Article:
Lesson video

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Welcome back everybody.

Have you been practising counting in those multiples of two, five, and 10.

In a moment we'll practise those together and we can see how good you've got at them.

In this lesson, and the next few lessons, we're also going to be thinking about money.

So I've got some of my money here, look.

I've got lots of different sorts of coins in my purse.

Can you see? And in the next few lessons, we're going to be thinking about how we can use our counting and multiples when we're working with money.

So are you ready? Should we start with twos? Now, my bear, my number bear has been practising counting in twos.

Do you want to see how he's been getting on? Listen really carefully and see what you think.

Are you ready? Two, four, six, eight, 10, 20.

He didn't get it right, did he? Did you hear what went wrong? He got to 10, 10, what did he say then? I think he mixed up 20 with, or should it have been 10, 12, that's it, you've got it.

Should we try again? You join in with him this time.

See if we can get all the way to 20.

Are you ready? Two, four, six, eight, 10, 12, 14, 16, 18, 20.

Well done, I bet you got that right.

I know that you've also been practising counting in tens.

Can you join in with me? We'll start at zero, count all the way to 100, then we'll see if you can go back again.

You might be able to join in without looking at the numbers but that they're there, if you need it, are you ready? Zero, 10, 20, 30, 40, 50, 60, 70, 80, 90,100.

Now let's go backwards.

100, 90, 80, 70, 60, 50, 40, 30, 20, 10, zero.

Did you get them all? Could you go backwards? Was that a little bit trickier? I think it's much harder going backwards.

Which other multiples have we learned to count in, that set it's fives, isn't it? Now I'm going to use my fives tokens this time.

I bet you can see from the arrangement that I've got 10 tokens and each token has got five dots on it.

So what number do you think we'll get to by the time we count the last token? Hmm, have a think.

Should we try together, five, 10, 15, 20, 25, 30, 35, 40, 45, 50.

Did you think it would be 50? If you did really well done.

If you're getting really confident counting in twos, fives, and tens, you might like to try this challenge.

Have a listen, and then maybe pause the video to give yourself some thinking time.

So Dora and Mayer, that's the children in the picture are skip counting, that's what we call counting in multiples.

Dora says the number, can you see? 25, I wonder what multiple Dora might be counting in, if one of the numbers he says is 25.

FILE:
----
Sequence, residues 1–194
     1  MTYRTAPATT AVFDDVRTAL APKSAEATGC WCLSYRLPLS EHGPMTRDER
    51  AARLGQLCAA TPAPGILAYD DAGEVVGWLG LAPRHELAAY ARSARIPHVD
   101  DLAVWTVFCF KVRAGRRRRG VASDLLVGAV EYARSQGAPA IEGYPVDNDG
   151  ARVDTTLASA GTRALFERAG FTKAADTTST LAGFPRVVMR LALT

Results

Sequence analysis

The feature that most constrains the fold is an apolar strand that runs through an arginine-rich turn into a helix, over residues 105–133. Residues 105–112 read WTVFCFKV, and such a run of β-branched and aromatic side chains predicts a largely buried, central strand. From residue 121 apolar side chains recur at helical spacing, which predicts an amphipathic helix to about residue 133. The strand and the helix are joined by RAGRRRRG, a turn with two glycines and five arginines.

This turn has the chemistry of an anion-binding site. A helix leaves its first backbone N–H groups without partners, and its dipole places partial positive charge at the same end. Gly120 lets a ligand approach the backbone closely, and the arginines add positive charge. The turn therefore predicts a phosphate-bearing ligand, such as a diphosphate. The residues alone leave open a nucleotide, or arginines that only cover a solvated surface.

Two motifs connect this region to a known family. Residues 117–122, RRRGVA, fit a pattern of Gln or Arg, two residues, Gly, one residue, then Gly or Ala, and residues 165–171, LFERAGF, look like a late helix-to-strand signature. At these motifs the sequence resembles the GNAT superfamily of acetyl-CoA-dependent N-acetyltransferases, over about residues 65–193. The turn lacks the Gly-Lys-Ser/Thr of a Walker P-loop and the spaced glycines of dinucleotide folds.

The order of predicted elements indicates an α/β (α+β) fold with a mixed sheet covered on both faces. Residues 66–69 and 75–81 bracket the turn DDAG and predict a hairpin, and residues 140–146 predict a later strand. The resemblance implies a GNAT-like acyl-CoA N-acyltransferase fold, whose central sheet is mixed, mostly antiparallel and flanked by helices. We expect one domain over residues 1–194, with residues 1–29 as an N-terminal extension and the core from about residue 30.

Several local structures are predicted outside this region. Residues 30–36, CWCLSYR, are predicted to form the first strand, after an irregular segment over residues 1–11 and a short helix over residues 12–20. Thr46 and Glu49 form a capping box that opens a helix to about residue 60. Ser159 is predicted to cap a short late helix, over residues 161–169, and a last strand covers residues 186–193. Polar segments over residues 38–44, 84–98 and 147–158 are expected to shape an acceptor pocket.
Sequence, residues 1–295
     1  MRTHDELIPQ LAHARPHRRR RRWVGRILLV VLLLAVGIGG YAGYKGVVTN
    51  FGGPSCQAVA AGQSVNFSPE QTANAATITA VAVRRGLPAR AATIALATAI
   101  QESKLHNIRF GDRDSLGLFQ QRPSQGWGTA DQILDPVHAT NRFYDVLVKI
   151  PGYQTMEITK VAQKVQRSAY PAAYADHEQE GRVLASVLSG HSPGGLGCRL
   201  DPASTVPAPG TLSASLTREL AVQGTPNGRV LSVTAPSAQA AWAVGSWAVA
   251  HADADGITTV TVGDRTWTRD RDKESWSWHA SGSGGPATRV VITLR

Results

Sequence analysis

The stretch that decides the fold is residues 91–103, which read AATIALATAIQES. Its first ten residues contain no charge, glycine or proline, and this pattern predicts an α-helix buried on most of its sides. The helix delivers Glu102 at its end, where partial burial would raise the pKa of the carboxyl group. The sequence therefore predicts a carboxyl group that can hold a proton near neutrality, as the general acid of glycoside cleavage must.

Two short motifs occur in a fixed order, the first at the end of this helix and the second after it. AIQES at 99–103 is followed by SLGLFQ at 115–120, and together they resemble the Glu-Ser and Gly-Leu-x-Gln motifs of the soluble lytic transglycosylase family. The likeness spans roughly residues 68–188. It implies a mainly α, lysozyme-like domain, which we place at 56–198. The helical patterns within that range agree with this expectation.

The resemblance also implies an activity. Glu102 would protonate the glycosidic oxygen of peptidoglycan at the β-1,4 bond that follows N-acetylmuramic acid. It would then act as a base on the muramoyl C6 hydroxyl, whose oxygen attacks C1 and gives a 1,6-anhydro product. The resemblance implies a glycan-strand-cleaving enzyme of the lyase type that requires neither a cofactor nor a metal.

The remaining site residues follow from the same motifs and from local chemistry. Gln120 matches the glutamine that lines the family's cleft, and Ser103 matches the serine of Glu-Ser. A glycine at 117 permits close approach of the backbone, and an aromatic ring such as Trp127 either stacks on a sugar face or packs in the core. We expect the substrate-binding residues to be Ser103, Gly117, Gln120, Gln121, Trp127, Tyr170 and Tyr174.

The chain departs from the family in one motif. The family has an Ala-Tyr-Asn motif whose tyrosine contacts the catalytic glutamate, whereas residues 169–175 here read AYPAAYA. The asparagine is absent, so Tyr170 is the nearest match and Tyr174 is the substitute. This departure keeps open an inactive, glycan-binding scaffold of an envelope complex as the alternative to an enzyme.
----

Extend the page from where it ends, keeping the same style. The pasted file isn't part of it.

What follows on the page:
Mayer says the number 20, well done.

What multiple do you think she might be counting in? Have a think and maybe you'll find more than one answer.

So in the rest of this lesson we're going to be starting to look at some money.

So here's, what's in my purse.

I've got lots of coins in my purse.

They're all different, aren't they? Can you see? Lots of different shapes, lots of different sizes as well.

And some different colours.

Every coin has two faces.

One face, turn it over, you've got the other face.

On this face, there's a picture of a head, it's the head of Queen Elizabeth.

And that face is called the heads face.

And on the other face, there's lots of different sorts of pictures, depending which coin it is.

But all of those faces are called the tails faces.

So on every coin, we've got heads and tails.

We'll start by looking at this coin.

This is a one penny coin.

You might hear people call it a one pence coin or just a penny.

We can say that it's got a value of 1p.

The one penny coin is the smallest value coin in the United Kingdom.

And we can show the value of any of the coins by using our tokens.

Look, I've made a token with one dot and this represents my one penny coin.

I've collected some one penny coins, here they are.

They don't look exactly the same but there are some things which are the same about them.

Maybe pause the video and see if you can think what's the same about the coins.

And if you look really carefully you'll spot some things which are different as well.

Did you notice that these two coins and that's the tail's face, have got different pictures on them.

Maybe you notice that some of the coins are shinier than others.

And what's the same is that, well they're all the same size, aren't they? They're all the same colour.

And they've all got a picture of the Queen on the head's face, and they all have a value of have 1p or one pence, and that's really important.

In this lesson, I'll be using some one penny coins and also some tokens like this with one dot to represent my one penny coins.